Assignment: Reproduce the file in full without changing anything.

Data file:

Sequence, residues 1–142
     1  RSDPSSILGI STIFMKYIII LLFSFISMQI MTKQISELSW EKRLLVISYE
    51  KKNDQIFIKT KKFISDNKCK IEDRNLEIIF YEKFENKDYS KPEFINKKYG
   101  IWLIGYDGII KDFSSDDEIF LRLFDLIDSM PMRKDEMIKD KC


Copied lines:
Sequence, residues 1–142
     1  RSDPSSILGI STIFMKYIII LLFSFISMQI MTKQISELSW EKRLLVISYE
    51  KKNDQIFIKT KKFISDNKCK IEDRNLEIIF YEKFENKDYS KPEFINKKYG
   101  IWLIGYDGII KDFSSDDEIF LRLFDLIDSM PMRKDEMIKD KC